13th Conference on Applied Climatology and the 10th Conference on Aviation, Range, and Aerospace Meteorology

Monday, 13 May 2002: 4:15 PM
Detailed comparisons of aircraft icing environments and Model-Predicted Mircophysics
Gregory Thompson, NCAR, Boulder, CO; and R. Rasmussen and B. Bernstein
Over the past few winter seasons, a number of research projects have been conducted by NASA's Glenn Research Center to investigate aircraft icing environments. The data collected are valuable to a host of researchers including numerical modelers who benefit by comparing the observed data against similar data output by the microphysics package of the model. Unlike most model studies which end up comparing precipitation amount and type reaching the ground, this work concentrates equally on the research-quality aircraft data to compare observed and model-simulated locations and amounts of supercooled liquid water, the culprit of icing.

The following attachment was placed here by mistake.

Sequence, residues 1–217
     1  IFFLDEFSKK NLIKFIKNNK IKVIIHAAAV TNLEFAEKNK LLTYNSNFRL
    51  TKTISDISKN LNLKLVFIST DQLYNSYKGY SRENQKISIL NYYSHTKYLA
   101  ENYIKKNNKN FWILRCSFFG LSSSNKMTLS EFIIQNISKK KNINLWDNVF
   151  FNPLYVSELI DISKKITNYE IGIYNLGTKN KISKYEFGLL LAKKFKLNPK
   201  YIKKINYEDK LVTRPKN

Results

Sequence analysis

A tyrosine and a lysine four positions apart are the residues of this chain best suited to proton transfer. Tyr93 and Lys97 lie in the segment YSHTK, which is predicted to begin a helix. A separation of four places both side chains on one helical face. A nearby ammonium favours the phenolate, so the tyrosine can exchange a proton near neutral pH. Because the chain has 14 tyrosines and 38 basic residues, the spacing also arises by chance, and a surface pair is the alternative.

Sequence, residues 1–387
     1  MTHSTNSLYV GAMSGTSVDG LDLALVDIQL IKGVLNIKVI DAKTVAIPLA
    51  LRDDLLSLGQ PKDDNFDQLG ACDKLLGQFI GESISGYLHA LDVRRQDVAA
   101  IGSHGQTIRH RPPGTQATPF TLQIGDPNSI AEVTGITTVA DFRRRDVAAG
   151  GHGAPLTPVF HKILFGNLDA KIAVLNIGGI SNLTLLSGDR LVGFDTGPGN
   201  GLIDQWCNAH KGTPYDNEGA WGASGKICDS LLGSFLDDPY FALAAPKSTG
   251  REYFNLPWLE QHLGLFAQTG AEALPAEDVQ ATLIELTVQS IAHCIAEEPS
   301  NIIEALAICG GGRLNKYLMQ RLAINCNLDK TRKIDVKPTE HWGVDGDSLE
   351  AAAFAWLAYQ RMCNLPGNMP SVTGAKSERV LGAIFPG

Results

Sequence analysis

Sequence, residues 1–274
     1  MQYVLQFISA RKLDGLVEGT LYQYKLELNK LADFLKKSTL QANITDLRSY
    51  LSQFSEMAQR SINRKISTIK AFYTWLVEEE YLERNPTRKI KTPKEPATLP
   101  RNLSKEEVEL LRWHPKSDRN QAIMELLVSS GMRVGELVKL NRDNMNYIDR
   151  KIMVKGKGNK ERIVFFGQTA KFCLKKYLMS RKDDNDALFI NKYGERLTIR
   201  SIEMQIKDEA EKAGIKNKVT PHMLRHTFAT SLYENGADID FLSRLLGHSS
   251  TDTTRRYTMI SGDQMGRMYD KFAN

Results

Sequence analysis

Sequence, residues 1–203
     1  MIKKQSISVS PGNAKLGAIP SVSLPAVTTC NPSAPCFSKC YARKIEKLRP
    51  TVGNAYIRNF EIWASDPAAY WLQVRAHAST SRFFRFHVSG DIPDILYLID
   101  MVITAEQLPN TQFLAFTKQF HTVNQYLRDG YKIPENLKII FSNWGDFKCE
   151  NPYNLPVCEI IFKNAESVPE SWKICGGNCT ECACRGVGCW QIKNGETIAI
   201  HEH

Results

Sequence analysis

The main focus of this study is numerical simulations (using MM5) of clouds and precipitation as they relate to aircraft icing and comparisons to observed data. Unlike past model studies which emphasized a single case, this paper includes a variety of icing environments among multiple case studies. Included in the case studies are a few freezing drizzle/rain events either aloft or at the surface (sometimes both). Furthermore, both types of precipitation initiation (classical and non-classical) are included among the cases. The case studies in this paper and other past field projects (including the recent IMPROVE-1/2 project) are heavily used as the basis for model improvements in the MM5 and RUC numerical models.

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